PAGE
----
"At times we seem to be documenting paths to extinction, telling ourselves that we need to do more research, developing theoretical models with insufficient consideration of their practical application, and giving each other advice on what others should be doing."
-- Whitten et al. 2001. Conservation Biology: A displacement behavior for academia? Cons. Bio. 15(1)1-3.
Some have suggested that conservation is in the midst of an implementation crises, where more resources are spent conducting research, with too little for implementing what we already know. As a crises science, conservation often requires decisions be made based on imperfect and incomplete data.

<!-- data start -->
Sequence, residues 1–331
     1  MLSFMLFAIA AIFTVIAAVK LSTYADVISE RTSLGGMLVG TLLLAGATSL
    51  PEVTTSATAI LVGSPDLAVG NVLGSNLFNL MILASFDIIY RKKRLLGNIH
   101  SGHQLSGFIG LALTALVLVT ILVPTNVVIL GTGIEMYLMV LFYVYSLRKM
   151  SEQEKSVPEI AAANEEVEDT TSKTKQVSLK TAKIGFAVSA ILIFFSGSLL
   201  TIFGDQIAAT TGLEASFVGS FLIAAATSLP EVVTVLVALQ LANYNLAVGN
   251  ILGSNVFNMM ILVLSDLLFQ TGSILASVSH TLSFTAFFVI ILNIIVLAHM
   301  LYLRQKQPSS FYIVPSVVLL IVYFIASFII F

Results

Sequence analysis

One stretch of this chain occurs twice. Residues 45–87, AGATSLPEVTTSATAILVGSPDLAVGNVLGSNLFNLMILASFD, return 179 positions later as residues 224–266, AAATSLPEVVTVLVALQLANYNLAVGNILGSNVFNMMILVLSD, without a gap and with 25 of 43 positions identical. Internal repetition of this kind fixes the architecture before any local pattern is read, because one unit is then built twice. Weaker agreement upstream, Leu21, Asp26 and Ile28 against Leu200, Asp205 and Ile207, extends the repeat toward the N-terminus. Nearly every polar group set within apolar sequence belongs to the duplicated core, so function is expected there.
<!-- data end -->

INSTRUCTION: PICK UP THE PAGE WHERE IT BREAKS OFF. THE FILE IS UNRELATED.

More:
The alternative - paralysis by analysis - can result in very rigorous scientific findings that are of little use other than as epitaphs on the gravestones of endangered species.
I am interested in taking what we know and implementing it in the field for the betterment of our wildlife resources. By adhering to the principles of adaptive management (develop, design, implement, monitor, refine), we put our knowledge to work, while continuing to learn what works and what doesn't, and why.
You can read about one such project on my Pools of Life page.